Each end of the graft 12 is calibrated with a view to determining the diameter of bone housings to be produced.
Two relay tension strips 8, each 40 or 50 cm long, are slipped through the ligament graft and wrap around each tension pole thereof, as depicted in
The strips 8 are fixed to the pulling posts of a stretcher the spring of which is calibrated to exert continuous tension of about 40 daN. This tension will be exerted on the graft 12 throughout the preparation of the bone tunnels so as to neutralize any plastic deformation of the graft and of the textile material of which the relay strips 8 are made which could occur gradually as the system is being tensioned.
The tibial and femoral bone housings are then prepared, with the diameter and depth determined previously.
In the femur, the housing may be produced in the conventional way using a graduated and cannulated auger introduced via the antero-internal arthroscopic approach and guided along a guide pin introduced into the femoral tunnel via the same approach.
This housing could equally be produced using a special auger introduced via the tibial tunnel, as can be seen in
This instrument consists of a hollow tube with a diameter slightly smaller than 4.5 mm, equipped at its end with a fine cutter in the shape of a wing. A guide pin 16 introduced into the tibial tunnel allows the auger, which is tapped in with a hammer from outside the tibia towards the articular cavity, to be guided. The cutter 17 of the auger creates, in the bone through which it passes, a small intra-osseous groove of little significance until it reaches the actual site of the articular cavity, where the instrument can then turn freely and create a housing 7, either a femoral housing (by moving forwards) or tibial housing (by moving backwards), the diameter of which corresponds to twice the radius of the auger and of its cutter 17.
It is also possible to conceive of boring out the tibial housing 7 using an auger composed of a fine handle and of an end corresponding to the desired diameter for the tibial housing. This auger would be introduced via the antero-internal approach, the fine handle sliding along a guide pin placed in the femoral tunnel. Once the auger had been completely introduced into the knee, by varying the degree of flexion, the axis of the tibial and femoral tunnels could once again be made to coincide so that the guide pin could be introduced into the tibial tunnel from inside the knee and the housing then produced simply by turning the auger on this pin inside the tibia until the desired depth was reached. Another possibility could consist in introducing a fine handle into the tibial tunnel from the outside inwards, then, via the antero-internal approach, introducing a cutting instrument of the desired diameter designed to be articulated with the tibial handle which would then also actuate the cutting part backwards.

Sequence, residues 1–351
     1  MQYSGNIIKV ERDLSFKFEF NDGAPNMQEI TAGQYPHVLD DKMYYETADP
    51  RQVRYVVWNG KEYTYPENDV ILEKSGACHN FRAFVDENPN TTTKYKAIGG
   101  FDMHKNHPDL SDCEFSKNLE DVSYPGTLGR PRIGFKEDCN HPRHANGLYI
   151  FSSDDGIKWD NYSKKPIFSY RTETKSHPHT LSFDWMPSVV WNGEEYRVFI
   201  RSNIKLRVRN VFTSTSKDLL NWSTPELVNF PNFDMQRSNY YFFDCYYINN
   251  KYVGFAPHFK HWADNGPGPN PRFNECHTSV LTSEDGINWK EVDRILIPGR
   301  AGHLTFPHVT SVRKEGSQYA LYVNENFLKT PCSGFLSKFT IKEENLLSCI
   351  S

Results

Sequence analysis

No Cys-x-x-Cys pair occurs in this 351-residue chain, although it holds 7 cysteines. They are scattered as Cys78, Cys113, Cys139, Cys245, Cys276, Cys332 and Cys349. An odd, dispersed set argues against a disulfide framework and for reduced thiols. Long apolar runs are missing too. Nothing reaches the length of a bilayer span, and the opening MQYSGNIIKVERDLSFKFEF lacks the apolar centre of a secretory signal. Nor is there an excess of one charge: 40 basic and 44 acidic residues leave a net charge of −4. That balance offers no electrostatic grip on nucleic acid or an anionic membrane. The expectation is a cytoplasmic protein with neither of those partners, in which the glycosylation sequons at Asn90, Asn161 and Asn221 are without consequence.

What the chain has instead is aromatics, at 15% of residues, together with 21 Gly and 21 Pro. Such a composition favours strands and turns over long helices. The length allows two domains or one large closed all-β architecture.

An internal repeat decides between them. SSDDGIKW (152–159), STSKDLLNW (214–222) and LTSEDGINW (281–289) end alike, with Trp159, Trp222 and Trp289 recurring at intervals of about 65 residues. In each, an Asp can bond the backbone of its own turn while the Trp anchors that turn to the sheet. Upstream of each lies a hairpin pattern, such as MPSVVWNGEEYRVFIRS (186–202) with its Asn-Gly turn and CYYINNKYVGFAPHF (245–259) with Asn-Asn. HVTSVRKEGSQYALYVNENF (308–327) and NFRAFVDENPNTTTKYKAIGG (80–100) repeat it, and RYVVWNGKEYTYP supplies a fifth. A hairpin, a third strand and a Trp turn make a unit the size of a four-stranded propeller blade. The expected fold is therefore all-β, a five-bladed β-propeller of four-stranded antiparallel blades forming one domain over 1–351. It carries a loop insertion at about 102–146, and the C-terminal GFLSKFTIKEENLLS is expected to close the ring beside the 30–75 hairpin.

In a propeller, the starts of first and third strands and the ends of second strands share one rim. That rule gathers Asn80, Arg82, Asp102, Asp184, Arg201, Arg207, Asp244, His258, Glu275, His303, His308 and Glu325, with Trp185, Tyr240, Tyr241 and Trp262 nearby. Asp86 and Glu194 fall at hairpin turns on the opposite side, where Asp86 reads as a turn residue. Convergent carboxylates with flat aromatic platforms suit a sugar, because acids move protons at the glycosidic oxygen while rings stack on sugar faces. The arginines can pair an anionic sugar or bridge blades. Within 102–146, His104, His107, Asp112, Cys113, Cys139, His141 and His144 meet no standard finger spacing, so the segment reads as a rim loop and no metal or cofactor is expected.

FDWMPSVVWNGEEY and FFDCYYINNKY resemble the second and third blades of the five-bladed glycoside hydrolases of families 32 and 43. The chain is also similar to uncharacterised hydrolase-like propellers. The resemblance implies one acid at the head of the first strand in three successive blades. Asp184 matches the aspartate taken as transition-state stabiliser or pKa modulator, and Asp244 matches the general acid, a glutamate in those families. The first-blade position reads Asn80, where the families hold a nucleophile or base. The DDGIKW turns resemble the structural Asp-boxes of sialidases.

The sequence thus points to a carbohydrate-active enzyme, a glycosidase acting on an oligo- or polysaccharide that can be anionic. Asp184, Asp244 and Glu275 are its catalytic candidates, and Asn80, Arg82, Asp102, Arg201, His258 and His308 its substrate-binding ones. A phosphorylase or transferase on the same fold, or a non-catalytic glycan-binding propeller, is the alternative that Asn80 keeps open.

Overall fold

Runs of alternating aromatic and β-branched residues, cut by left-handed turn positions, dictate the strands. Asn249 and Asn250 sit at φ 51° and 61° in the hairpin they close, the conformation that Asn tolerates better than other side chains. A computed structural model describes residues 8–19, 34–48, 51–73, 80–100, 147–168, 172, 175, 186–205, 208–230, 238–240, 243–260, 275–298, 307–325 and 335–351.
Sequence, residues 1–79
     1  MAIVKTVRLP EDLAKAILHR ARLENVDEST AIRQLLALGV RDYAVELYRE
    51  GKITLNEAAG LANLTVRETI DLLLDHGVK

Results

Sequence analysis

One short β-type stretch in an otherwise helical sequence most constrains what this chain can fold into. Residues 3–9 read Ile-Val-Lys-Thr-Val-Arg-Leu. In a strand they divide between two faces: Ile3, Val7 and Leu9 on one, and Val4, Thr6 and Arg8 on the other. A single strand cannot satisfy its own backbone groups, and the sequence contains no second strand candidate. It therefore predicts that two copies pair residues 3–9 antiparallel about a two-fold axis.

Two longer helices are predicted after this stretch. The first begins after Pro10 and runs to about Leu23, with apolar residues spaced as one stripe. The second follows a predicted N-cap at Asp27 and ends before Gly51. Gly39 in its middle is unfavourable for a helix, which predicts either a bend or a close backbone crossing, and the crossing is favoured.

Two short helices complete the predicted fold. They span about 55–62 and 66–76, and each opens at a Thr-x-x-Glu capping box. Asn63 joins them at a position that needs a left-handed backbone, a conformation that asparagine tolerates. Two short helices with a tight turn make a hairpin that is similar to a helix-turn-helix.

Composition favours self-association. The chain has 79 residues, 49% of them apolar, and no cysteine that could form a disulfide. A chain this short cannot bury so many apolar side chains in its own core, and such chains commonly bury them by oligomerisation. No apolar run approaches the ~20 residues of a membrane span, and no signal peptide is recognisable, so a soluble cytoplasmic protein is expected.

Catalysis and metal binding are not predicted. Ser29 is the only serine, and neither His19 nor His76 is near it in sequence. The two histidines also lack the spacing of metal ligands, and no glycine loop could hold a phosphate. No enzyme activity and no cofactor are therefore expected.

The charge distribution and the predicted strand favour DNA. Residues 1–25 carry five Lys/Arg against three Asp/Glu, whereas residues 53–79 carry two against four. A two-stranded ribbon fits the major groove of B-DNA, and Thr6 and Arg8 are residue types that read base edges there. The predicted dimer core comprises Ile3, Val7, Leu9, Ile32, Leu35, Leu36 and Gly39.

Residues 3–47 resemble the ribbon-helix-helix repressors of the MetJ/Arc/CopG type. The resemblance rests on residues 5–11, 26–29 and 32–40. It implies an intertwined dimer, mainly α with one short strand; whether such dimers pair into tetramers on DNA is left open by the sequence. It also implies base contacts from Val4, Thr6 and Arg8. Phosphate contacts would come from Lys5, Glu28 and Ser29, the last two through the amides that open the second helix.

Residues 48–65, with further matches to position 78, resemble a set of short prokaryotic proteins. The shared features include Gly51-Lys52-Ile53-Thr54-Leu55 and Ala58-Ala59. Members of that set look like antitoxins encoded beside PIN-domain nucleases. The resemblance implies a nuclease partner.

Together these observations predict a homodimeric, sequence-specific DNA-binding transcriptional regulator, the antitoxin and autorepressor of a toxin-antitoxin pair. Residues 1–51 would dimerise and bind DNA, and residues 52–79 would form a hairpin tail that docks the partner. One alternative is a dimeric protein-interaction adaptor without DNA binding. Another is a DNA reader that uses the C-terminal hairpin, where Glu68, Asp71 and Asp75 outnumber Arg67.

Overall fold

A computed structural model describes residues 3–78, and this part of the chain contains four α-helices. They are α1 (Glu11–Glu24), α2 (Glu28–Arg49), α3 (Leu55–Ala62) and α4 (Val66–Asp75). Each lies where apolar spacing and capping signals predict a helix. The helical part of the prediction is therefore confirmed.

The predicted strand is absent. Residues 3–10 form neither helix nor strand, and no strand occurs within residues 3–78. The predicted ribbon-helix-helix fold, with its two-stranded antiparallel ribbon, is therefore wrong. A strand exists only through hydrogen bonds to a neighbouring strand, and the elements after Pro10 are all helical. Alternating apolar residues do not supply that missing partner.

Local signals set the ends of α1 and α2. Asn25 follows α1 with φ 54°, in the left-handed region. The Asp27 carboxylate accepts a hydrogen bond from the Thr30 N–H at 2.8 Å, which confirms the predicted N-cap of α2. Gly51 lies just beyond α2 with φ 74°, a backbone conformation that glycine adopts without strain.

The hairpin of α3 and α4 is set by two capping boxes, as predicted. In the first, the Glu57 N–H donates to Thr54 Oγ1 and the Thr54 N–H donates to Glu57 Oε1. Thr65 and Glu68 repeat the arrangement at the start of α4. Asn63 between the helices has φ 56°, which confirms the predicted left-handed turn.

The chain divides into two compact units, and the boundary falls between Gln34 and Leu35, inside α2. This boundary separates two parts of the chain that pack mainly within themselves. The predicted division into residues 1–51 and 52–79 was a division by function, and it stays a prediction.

The preparation of the bone tunnels 6 ends with the introduction of a tap 18 intended to prepare a screw thread 19 for the fixing screw. This operation is depicted in
This tap is introduced into the femur from outside inwards through a short incision in the skin measuring 1 to 2 cm. Its direction is dictated by the guide pin introduced into the femoral tunnel 6.
In the same way, the tap 18 is introduced into the tibia from the outside inwards and also slides along the guide pin.
The tension strips 8 for pulling the graft 12 are introduced via the antero-internal approach, pulled into the femoral and tibial bone tunnels 6 by means of a simple pulling filament in the form of a lasso and then recovered on the outside of the knee, as can be seen in
A fine metal filament running through the proximal pole of the graft and emerging between the two pulling strips is passed through the femoral tunnel at the same time as the strips. The other end of the filament emerges via the antero-internal approach.
This metal filament will allow the fixing screw 1 to be guided as far as the entrance to the bone tunnel without a surgical approach having to be made in the femur.
The graft 12 is pulled into the femoral housing simply by pulling on the relay strips 8. The screw 1 is then introduced into the tunnel 6 where it is guided by the metal filament. As soon as the screw finds its housing, the filament can be removed simply by pulling it.
The pulling of the strips 8, on the tibia side, completes the introduction of the graft into the tibial housing 7.
The position and the tension of the graft 12 are checked endoscopically prior to the final locking operation which is carried out using the tibia screw 1.
If the tension is not satisfactory, the tibia screw 1 can be withdrawn, tensioning resumed, and locking obtained once again by fully introducing the screw 1. The relay strips 8 are then cut off flush with the screw 1. That is performed under the control of the view at the tibia and by means of an instrument of the guillotine type at the femur.